I was profiled in the November-December issue of the Carolina Alumni Review, which is published by the University of North Carolina Alumni Association. The story is by CAR writer Susan Simone. You can read the story by clicking on the picture above.
. . . above left, shown with treasure hunter John Green off Fort Pierce, Florida in 1994, is the 2007 winner of The Charlie Award for Public Service, presented by the Florida Magazine Association. He also is the author of Storm of the Century: The Labor Day Hurricane of 1935, published by National Geographic. He appears in the History Channel documentary "Nature's Fury: Storm of the Century."
Drye is a contributing editor for National Geographic News. His work has been published in the Washington Post, Toronto Globe and Mail, New York Times News Service, and other national publications.
Drye served in the U.S. Army Medical Corps and earned a degree in English from the University of North Carolina at Chapel Hill. He and his wife live in Plymouth, North Carolina. He can be reached at firstname.lastname@example.org.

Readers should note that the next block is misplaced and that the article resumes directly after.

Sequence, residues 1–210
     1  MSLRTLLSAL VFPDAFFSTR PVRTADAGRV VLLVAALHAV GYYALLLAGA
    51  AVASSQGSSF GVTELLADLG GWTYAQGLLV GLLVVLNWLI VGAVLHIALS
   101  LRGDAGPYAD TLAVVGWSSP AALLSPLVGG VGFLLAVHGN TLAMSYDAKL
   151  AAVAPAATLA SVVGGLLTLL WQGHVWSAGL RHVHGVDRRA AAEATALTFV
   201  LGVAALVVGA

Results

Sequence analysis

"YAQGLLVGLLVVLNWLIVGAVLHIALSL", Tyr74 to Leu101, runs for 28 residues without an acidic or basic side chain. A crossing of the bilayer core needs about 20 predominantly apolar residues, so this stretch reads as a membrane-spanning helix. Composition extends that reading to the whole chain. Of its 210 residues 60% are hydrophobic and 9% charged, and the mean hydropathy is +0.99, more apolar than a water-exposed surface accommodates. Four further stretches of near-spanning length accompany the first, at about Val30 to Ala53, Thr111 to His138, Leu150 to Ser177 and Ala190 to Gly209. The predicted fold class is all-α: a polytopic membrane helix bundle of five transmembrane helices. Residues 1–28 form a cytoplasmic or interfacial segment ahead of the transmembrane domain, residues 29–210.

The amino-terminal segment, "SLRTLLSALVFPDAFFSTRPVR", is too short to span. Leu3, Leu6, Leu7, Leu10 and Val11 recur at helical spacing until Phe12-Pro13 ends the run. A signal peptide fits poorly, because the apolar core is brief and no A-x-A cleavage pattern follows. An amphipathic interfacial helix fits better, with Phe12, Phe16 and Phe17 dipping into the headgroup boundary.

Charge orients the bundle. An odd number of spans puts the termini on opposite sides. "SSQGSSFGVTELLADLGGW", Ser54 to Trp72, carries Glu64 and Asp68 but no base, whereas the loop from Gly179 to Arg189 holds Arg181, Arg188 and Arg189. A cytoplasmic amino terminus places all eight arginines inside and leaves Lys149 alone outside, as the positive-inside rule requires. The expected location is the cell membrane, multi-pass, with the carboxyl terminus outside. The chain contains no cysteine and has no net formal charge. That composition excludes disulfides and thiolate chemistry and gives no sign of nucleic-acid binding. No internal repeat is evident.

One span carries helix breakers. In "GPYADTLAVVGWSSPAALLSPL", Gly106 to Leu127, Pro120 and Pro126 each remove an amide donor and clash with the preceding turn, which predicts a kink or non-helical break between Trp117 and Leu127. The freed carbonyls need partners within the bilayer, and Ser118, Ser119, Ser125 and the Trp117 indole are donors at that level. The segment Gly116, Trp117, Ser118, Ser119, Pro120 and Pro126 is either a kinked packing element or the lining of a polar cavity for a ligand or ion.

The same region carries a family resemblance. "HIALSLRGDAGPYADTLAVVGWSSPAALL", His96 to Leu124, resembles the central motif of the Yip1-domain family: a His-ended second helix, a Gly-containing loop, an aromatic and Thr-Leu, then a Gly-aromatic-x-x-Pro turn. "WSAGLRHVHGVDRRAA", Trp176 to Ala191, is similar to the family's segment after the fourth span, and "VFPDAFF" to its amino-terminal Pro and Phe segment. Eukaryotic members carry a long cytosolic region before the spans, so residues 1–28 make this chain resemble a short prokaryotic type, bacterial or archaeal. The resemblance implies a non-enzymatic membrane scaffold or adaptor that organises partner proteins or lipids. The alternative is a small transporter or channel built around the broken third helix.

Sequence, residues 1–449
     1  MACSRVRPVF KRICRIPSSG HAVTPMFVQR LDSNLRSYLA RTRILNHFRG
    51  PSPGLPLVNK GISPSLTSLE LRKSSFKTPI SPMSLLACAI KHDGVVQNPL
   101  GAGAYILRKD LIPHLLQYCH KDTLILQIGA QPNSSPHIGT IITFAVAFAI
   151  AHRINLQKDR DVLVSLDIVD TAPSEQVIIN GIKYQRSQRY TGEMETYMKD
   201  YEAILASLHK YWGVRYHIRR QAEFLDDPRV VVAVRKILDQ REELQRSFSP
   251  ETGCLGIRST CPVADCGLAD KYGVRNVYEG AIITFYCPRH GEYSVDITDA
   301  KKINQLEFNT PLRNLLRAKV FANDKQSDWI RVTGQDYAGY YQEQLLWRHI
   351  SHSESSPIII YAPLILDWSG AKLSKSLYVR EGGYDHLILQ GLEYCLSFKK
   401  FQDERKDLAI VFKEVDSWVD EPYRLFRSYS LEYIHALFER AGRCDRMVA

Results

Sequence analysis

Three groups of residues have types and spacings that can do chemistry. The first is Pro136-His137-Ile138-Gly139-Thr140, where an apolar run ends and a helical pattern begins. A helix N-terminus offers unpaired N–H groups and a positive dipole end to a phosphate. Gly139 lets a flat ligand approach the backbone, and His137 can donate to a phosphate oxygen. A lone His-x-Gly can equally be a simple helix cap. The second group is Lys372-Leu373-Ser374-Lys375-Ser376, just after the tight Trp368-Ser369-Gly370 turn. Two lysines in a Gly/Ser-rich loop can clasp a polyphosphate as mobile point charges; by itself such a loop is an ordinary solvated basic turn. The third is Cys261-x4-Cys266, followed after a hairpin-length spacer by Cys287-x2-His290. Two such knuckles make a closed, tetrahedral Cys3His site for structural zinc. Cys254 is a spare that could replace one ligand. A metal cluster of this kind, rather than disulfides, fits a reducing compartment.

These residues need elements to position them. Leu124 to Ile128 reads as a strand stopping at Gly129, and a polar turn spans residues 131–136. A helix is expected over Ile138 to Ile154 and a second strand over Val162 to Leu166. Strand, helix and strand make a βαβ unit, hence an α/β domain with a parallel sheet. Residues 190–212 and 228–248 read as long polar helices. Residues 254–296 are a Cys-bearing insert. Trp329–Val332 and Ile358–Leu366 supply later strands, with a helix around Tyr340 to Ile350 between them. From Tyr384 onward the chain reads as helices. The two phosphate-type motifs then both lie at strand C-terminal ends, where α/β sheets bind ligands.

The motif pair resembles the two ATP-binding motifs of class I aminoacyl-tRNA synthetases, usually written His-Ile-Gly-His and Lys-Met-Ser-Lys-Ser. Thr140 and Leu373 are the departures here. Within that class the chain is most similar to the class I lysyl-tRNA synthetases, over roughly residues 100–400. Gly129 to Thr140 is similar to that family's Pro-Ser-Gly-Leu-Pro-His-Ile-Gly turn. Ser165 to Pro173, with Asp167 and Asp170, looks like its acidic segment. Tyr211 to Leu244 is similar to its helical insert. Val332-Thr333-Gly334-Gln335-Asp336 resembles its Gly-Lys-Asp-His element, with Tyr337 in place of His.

Storm of the Century: The Labor Day Hurricane of 1935 tells the story of the most powerful hurricane to make landfall in the U.S.
The hurricane, with winds probably gusting to at least 200 mph and a storm surge probably exceeding 18 feet, came ashore in the Florida Keys on Sept. 2, 1935.
The vicious storm killed about 260 World War I veterans who building a New Deal highway from Miami to Key West and living in flimsy beachfront work camps in the islands. Camp supervisors waited until too late to try to evacuate the men, and a train sent to move them off the islands was blown off the tracks at Islamorada, Fla.
Storm of the Century was praised by Kirkus Reviews, Publishers Weekly, the Boston Herald, and other reviewers across the U.S. The book also was the basis for a History Channel documentary that premiered Oct. 1, 2006.
Storm of the Century: The Labor Day Hurricane of 1935 is available at amazon.com, barnesandnoble.com, and other outlets.